To alleviate some of the pressure that the market is feeling from lead times and material costs, Renaissance focuses on two strategies for its developers: speed-to-market and value engineering.

Porter said that the firm saw an immediate post-pandemic shift with its owners, who expect speed-to-market in getting their projects planned and approved as quickly as possible to avoid pricing and materials setbacks. 

“Renaissance adjusted its strategy to accommodate this shift in the market by asking owners to complete structural plans with long lead times as quickly as possible, such as structural and electrical, so it would give us the opportunity to get a spot in line to acquire roofing, lumber or electrical gear more quickly,” she said.


Owners that opted for the traditional design-bid-build process found their project schedules heavily impacted by hefty lead times for materials and subcontractors' crew availability.

In many design-bid-build cases, Renaissance was able to convince owners that it was more efficient and cost-effective to wait for the delayed delivery dates and adjust their start time based on that, Manager of Construction Technology David Mettler said. Companies always want to get things moving, but in this market, that isn’t a cost-effective solution for design-bid-build.

Mettler said that the firm is also seeing a pattern where contractors are looking at how to change the materials they use for construction, furthering the importance of value engineering in today’s market. 

As the market starts to emerge from pandemic-induced supply chain issues, contract protection will be a key strategy to ensure that his firm remains competitive in the market, Mettler said. 

He added that before the pandemic, construction contracts often did not consider force majeure — or an uncontrollable circumstance — affecting the speed or price at which a project was produced. Going forward, there are several factors that contractors should consider to remain vigilant in the market.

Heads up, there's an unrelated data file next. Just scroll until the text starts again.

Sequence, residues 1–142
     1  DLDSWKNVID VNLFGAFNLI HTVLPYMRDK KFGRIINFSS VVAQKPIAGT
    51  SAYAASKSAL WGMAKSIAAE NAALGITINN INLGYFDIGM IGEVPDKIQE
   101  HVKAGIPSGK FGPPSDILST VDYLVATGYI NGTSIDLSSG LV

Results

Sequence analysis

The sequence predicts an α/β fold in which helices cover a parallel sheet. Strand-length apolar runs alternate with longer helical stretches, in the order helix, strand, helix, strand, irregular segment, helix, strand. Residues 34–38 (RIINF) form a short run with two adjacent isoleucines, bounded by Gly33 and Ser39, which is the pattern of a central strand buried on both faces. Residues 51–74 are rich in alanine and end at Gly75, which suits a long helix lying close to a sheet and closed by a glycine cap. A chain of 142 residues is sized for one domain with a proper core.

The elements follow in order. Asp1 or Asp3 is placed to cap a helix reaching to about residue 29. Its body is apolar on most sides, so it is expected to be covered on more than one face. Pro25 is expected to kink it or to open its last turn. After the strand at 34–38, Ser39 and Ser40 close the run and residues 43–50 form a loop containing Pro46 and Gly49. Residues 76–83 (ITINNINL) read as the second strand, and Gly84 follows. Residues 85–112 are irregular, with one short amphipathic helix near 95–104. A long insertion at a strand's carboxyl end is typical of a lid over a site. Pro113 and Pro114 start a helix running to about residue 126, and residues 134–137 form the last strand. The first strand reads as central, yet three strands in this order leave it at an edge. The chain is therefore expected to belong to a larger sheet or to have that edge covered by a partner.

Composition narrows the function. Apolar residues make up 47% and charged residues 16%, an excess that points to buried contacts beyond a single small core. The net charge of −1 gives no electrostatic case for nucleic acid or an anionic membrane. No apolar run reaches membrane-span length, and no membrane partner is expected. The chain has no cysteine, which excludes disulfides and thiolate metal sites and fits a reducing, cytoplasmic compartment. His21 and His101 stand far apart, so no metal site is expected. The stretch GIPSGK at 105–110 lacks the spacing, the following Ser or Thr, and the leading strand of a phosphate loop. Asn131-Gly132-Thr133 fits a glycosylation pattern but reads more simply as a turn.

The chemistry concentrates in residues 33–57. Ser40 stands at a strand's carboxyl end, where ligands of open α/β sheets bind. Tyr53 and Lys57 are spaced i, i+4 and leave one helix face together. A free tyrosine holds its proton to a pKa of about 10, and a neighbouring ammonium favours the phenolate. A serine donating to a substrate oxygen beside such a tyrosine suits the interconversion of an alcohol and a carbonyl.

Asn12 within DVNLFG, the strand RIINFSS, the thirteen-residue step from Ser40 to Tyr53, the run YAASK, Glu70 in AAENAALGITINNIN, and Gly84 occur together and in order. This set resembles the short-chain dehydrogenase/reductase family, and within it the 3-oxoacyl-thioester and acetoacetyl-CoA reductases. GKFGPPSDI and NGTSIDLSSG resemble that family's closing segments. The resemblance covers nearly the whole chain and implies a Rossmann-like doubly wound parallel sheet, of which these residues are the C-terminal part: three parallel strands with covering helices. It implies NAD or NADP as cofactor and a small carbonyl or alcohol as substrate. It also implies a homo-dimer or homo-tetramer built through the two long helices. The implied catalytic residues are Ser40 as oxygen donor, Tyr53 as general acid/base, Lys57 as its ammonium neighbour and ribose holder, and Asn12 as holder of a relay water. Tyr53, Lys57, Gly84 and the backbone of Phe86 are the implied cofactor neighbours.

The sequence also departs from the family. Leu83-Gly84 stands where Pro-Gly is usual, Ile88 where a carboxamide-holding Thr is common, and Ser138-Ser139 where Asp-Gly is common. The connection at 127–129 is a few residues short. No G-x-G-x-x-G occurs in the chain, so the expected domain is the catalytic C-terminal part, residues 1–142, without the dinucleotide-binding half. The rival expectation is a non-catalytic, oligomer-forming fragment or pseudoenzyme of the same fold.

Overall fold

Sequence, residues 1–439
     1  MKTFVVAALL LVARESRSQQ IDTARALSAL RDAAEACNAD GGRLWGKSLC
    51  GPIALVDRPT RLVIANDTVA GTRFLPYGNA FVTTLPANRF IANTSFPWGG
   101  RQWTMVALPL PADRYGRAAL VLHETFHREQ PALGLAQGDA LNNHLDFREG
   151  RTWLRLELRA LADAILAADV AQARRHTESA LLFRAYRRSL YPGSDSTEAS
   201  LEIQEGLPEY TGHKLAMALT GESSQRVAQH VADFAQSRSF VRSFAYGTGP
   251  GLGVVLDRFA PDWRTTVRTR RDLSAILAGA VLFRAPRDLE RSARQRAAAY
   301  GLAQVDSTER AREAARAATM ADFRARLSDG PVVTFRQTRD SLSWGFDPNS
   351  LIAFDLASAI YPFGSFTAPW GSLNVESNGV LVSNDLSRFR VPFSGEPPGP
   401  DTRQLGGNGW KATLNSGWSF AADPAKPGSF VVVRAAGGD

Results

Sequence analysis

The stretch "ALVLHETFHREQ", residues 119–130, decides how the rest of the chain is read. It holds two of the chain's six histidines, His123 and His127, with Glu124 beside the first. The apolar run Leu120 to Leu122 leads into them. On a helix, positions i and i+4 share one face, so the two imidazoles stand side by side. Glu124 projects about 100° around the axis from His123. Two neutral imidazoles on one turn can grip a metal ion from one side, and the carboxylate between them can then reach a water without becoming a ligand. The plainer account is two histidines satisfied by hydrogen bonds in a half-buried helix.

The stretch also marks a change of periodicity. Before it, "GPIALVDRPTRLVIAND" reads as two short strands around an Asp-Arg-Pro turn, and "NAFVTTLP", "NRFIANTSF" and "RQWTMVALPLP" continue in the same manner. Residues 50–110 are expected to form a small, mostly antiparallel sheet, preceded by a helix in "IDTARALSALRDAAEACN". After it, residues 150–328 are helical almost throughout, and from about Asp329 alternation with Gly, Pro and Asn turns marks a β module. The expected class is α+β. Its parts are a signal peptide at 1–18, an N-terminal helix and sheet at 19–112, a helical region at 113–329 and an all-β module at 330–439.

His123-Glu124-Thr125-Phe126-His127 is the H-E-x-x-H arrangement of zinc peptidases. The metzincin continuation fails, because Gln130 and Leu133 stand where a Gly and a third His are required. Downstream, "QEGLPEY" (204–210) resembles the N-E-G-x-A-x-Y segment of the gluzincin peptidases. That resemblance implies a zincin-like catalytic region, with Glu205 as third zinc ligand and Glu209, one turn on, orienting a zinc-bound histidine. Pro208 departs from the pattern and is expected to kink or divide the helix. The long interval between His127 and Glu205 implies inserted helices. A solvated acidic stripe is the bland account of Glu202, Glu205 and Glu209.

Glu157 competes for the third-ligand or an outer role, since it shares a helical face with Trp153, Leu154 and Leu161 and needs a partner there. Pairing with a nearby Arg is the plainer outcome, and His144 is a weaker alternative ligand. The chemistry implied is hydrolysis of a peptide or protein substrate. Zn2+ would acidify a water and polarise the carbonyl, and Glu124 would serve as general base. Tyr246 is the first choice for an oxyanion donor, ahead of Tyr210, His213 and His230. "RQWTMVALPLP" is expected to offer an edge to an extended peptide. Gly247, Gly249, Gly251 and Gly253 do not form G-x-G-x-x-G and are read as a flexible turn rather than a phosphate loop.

“One of the things that has occurred in our contracts is that with the owner, we can negotiate a particular guaranteed maximum price with an allowable percentage increase,” Mettler said. “That way, we’re protected and the owner and lender are protected as well.”

Tilson said that many owners have asked Renaissance to increase their contingencies from 1% to 3% or add an escalation line cost to prevent the lenders from asking questions and potentially losing financing — because they cannot account for any unexpected costs of that magnitude. 

“Escalation, liquidated damages and force majeure clauses will be important not only for Renaissance moving forward, but for many other general contractors in the industry,” Tilson said. “These two key clauses influence factors such as lead time and scheduling. As we move forward, Renaissance is taking extra precautions to protect itself and its clients during turbulent economic times.”

This article was produced in collaboration between Renaissance Construction and Studio B. Bisnow news staff was not involved in the production of this content.